In our next meditation we will look more closely on what it means to feed the hungry, give drink to the thirsty and so on. For the present concentrating on those who were damned, once the sentence is pronounced against them by Christ the King then He will say, “As long as you did not do it for one of these least ones, you did not do it for me.” This wouldn’t be a retreat if we did not say something, and as strongly as I can, about the practice of charity. We’ve said much already and more to come. Let’s make sure we know that hell is mainly reserved for those who fail in charity. There is a final summing up in the famous twenty-fifth chapter of Matthew’s Gospel. To be exact, verse 46. Twice then, reflecting on the destiny of both the saved and the lost, He will declare, “And these,” speaking of the lost, “These will go into everlasting punishment but the just into everlasting life,” the Savior. The most important element in this prophecy, and I dare say one of the hardest tests of our faith, is that hell is the eternal, conscious duration of pain. We’d better know and be very sure that what we believe is an eternity of hell. The word used by the inspired writer, “eternal,” I will analyze, oh for some five or more minutes, because there is no single adjective in divine revelation that is more important than this one. How do we know? Are we sure that hell is eternal? We do know. We are sure. Here is some of the evidence. First; all the ancient manuscripts of the Bible going back in fragments as far back as the second century, all the ancient manuscripts of the Bible agree that Christ used the self-same words to declare the eternity of both heaven and hell. In the original Greek He said, “Into everlasting punishment (Into everlasting punishment),” and He said, “Into everlasting or eternal life (Into everlasting or eternal life),” same word. Since there has never been any question about the eternity of heaven, no believer dare doubt that hell is also eternal. Second evidence, Christ equated the punishment of sinful human beings with the punishment of the devil and his angels. Since the endless duration of hell for the devils was and is certain so too should be the endless suffering of the lost men and women. Moreover, the Greek word, “aionion,” is consistently used in the Bible to mean unending duration. For example, God is said to be aionios, eternal, when Abraham invoked by name, “The Lord God Eternal.” If God is called eternal and it’s the same word for God as for hell, you follow the logic? God’s eternity is endless duration so too must be the eternity of man’s punishment. Isaiah foretells a song of victory that will be sung in the land of Juda to rest in the Lord forever for the Lord is an eternal rock. Same words. I won’t tell you how much time I’ve spent in going through ancient Greek Lexicons to nail down the word, “aionios.” As far back as I went in the Bible, and when I looked into the Greek classic writers, same thing. Aionios is referred to as eternal for God, for the Spirit of God. In other words, selectively under Divine Inspiration the sacred writers chose the one single word in the richest language of human history that’s Greek. When they had a word for it, that was the word for it. They had a word for eternal. It was referred to the eternity of God and the divine attributes, and the same word under the Holy Spirit is the word used to identify the duration of punishment. It is eternal. We know St. John affirms that the Son of God has come and has given us discernment to recognize the One Who is True, and we are in the One Who is True for we are in His Son, Jesus Christ. He is the True God and Eternal Life. The same words used by John, used by all the evangelists, used by St. Paul. In other words, the most unmistakably, unquestionably, certain adjective is, under Divine Inspiration, to describe the duration of hell is - it is unending. It isn’t often that I spent two hours tracking down a single adjective, but I thought it was worth it. Let’s make sure, and with this I close this section of our meditation.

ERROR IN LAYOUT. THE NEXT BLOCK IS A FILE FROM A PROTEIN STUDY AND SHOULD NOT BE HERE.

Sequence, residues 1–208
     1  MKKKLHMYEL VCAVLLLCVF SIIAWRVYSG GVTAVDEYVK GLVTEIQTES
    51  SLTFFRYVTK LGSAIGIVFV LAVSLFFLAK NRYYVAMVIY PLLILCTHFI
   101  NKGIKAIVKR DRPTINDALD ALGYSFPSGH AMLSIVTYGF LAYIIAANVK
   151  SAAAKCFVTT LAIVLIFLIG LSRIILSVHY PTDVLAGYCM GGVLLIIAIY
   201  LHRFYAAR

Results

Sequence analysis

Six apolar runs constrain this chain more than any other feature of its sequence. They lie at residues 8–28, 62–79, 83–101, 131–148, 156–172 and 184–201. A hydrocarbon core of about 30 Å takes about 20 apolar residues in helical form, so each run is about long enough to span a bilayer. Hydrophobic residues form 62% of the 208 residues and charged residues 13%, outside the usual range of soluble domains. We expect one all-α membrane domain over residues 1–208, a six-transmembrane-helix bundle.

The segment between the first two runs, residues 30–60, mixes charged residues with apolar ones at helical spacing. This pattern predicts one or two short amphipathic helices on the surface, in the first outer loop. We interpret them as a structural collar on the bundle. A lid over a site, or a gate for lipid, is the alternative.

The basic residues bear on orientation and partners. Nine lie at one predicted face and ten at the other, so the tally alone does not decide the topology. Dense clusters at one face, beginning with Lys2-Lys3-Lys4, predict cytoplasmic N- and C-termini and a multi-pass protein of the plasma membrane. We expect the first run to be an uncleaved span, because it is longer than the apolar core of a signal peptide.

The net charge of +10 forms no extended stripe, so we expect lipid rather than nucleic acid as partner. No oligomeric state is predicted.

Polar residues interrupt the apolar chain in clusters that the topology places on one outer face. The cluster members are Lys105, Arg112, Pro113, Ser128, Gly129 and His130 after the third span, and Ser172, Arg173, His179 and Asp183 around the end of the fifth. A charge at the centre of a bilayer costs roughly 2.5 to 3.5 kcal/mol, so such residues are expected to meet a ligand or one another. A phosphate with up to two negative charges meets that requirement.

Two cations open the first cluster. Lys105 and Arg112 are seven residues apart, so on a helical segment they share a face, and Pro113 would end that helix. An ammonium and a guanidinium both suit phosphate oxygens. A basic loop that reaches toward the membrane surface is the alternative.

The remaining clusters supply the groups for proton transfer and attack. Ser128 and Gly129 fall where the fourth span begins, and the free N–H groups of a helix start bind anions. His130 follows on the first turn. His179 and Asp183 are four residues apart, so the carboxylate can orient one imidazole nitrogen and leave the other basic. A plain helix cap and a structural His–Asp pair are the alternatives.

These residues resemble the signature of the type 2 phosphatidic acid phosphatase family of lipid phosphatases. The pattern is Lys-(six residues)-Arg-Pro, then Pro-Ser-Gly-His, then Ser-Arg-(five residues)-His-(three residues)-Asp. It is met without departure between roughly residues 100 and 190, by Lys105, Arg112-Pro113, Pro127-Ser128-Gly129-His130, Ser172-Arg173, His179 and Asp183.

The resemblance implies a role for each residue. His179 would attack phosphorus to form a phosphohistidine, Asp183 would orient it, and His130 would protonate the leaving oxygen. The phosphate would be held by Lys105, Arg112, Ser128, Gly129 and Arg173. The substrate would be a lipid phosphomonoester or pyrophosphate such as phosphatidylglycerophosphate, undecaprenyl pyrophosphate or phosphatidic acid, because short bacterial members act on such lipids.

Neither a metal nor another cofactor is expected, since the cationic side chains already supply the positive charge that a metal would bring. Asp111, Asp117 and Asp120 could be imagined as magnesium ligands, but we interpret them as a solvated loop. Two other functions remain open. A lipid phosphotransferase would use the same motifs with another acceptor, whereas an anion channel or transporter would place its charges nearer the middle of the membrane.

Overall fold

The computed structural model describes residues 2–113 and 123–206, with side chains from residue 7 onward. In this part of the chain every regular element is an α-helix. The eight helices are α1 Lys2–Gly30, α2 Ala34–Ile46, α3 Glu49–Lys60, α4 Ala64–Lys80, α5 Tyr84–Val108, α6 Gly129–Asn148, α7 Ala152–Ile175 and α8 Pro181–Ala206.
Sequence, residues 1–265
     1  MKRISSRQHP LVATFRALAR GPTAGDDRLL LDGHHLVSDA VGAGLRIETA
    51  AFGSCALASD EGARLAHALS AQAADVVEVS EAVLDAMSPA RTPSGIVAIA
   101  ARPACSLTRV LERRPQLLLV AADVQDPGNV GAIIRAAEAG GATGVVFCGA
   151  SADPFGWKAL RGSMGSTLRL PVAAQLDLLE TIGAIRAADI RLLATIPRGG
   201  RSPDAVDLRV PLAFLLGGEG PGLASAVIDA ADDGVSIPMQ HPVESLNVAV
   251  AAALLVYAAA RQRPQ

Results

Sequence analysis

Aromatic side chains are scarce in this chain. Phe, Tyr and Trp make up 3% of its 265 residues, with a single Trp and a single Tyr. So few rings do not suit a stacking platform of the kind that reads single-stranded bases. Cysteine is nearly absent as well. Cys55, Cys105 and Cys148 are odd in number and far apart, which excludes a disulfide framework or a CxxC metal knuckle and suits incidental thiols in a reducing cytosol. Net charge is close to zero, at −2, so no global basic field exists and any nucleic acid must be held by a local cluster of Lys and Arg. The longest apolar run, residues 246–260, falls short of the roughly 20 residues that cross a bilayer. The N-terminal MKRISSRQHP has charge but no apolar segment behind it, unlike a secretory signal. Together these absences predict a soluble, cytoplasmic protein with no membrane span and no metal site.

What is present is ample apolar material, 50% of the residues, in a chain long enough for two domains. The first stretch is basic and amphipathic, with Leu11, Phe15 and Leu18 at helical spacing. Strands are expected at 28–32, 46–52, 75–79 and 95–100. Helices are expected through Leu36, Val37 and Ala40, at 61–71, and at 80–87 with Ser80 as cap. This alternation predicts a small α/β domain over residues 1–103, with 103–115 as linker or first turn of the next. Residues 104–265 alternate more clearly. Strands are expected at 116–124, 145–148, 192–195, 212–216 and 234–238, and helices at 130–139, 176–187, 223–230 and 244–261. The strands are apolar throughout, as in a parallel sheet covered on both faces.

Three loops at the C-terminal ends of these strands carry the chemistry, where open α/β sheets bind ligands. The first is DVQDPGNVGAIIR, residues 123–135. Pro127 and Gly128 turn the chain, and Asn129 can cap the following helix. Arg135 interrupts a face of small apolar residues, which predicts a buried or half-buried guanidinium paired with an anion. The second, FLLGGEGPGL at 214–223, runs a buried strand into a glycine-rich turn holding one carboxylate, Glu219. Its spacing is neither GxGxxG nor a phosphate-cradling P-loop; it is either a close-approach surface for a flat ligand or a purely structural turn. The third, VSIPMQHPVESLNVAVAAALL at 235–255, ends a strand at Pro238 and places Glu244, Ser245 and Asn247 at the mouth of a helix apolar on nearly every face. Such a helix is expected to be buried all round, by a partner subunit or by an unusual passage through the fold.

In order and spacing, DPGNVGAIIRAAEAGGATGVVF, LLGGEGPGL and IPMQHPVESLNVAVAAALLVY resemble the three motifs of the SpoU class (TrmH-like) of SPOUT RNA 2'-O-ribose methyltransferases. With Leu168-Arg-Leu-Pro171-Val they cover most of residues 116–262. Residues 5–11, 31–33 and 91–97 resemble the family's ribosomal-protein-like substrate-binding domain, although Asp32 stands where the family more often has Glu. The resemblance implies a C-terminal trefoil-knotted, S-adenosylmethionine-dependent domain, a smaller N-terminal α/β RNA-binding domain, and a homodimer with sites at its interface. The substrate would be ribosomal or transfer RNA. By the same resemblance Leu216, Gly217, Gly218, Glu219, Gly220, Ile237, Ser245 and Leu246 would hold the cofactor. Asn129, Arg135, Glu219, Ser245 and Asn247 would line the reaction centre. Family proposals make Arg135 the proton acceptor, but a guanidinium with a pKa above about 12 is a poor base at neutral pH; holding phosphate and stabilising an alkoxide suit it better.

St. Ignatius of Loyola then, whom I know of no spiritual master, who more emphasized the need for the love of God to inspire us to the practice of virtue. It was Ignatius, however, who said we should all be ready to call upon the fear of God and the dread of hell because, says Ignatius, even the saints could be so tempted that the love of God would not be enough to sustain them in resisting temptation. Even the saints, we are told, at times need the fear of God’s punishment to remain in His grace. For me, the most eloquent evidence of that is the martyrdom of the Jesuit Polish saint, Andrew Bobola. For years he had successfully converted thousands of Orthodox back to Catholic unity. The Russian Cossacks, to venge themselves on this apostle of Catholic unity, tracked him down and exhausted the cruelty of the most barbarous haters of the Roman Catholic Church to get Andrew to apostatize. When the Holy Father canonized Andrew Bobola he declared, “We know of no martyrdom in the annuls of Christianity more barbaric than this one.” Andrew under the hours of ordeal and torture, long before he died, kept praying, “Lord keep me faithful. Save me from the fires of hell.” The last recorded word of St. Andrew Bobola was the word, “hell.” “Lord save me from the fires of hell.” He was afraid of weakening under torment and denying his faith. What sustained him? The fear of an eternal loss of God in hell. It is the same need of that motivation, my friends, so do we. I cannot think of a more salutary and inspiring way to practice charity than to develop an extraordinary concern for the poor souls. Pray for them, and especially offer for their speedy release from their purgatory or, and hear it, the mitigation of their pains by our own patient endurance of our purgation on earth. The beauty of our patient endurance of suffering on earth is that it has a two-fold merit. One for ourselves; it purifies us. It expiates our own punishment due to sin and contributes to the release from and mitigation of pain in purgatory. Let’s close with a short prayer:

Lord Jesus our highest motive for serving You and doing Your Will is our love for you, but we believe you are also the God of Justice who punishes sin. Inspire us, therefore, dear Savior not only for the deep love of You, but also with a salutary fear of Your Justice. So that fearing hell we may never, dear Lord, never, dear Lord, never lose Your friendship by mortal sin and that our fear of purgatory may help us to avoid even the least deliberate venial sins. We believe, dear Jesus, that nothing defiled can enter heaven. Make us, dear Savior, undefiled so that as we approach the dawn of eternity we may enter that heaven you have prepared for us we beg, dear Lord, immediately. Amen.

In the name of the Father, and of the Son and of the Holy Spirit. Amen.

Copyright © 1998 Inter Mirifica